Night sheter kept open during freezing temperatures thanks to volunteer team gathered by PCC
A NIGHT shelter for the homeless was kept open during freezing temperatures thanks to a volunteer team gathered by the police and crime commissioner.
PCC Marc Jones stepped in when the emergency shelter was facing an overnight closure because of a shortage of volunteers.
When Mr Jones heard the homeless shelter may not be able to open on one of the coldest nights of the year he put out a call for help and friends and colleagues rallied to help.
The volunteers – councillors Nigel Pepper and William Gray, Louth and Horncastle constituency manager Rachel Storer and Boston PCSO Rachel Braim - opened the doors for 20 homeless people at the Centenary Church in Boston.
“The work done by the church to help the homeless at the time of most need is tremendous and when I heard the shelter may not open on one of the coldest nights of the year I couldn’t stand by and do nothing,” Mr Jones said.
“I’m really thankful that so many friends and colleagues came forward to ensure we could keep the shelter open but there are many people who give their time regularly who deserve enormous credit. It was a humbling experience for all of us.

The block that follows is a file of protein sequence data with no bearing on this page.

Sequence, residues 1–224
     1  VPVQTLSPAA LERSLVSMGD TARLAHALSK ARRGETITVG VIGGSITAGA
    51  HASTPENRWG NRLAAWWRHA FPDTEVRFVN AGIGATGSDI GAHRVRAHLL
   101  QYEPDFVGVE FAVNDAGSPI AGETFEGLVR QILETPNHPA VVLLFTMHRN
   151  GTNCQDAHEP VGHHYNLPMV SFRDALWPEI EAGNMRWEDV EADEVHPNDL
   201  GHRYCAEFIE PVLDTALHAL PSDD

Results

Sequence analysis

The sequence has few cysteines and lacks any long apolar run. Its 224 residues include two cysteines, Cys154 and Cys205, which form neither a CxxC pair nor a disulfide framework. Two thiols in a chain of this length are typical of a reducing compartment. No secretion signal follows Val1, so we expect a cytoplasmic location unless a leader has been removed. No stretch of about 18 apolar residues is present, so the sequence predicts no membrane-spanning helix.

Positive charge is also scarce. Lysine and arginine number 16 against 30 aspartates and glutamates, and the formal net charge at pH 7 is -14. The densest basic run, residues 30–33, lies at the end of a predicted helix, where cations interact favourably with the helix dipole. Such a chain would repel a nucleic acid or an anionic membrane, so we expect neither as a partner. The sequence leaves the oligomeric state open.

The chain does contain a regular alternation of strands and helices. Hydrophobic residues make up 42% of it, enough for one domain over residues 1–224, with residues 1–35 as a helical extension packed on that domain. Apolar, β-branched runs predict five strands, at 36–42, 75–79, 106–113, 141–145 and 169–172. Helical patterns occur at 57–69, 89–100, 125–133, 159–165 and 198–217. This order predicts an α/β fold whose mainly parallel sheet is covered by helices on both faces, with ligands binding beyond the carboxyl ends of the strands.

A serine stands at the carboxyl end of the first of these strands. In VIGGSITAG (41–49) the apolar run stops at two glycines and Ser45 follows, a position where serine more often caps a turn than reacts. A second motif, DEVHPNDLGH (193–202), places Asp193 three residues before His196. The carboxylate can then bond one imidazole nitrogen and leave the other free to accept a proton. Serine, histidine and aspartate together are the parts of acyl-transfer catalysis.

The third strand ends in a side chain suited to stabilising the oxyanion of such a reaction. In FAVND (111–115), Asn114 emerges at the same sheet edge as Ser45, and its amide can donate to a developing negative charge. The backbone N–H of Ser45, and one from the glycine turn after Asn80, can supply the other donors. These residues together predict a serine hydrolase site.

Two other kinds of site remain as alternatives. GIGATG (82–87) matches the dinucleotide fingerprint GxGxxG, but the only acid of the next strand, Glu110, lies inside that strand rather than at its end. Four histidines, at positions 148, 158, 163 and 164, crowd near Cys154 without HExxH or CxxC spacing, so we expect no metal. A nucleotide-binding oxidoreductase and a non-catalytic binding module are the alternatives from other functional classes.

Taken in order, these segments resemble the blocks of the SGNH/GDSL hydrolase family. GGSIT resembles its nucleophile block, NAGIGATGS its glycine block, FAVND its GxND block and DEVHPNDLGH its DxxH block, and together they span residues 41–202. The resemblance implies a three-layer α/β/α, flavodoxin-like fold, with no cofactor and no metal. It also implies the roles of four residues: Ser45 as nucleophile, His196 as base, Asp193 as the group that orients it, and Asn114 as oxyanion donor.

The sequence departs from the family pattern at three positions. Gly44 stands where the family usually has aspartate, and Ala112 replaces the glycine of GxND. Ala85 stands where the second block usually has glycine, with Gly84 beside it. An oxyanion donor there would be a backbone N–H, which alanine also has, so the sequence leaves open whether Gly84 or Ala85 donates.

“The men and women who used the facilities were friendly, respectful, well behaved and grateful and I am so glad we were able to help them.”
The emergency night shelter, run by Churches Together in Boston, opens when the temperature drops to zero or below for three consecutive nights. The shelter operates a strict policy of no drugs, alcohol or abusive behaviour.
The shelter is open between 10pm and 8am and each visitor is given a laundry bag containing a duvet, pillow and blanket, which they name and use every night they call.
The accommodation is dormitory style separating men from women. During the winter of 2012/13 the shelter opened for 40 nights with 42 volunteers.
For more information contact Jon Grubb from the Office of the Police and Crime Commissioner on 07780 953575 or email@example.com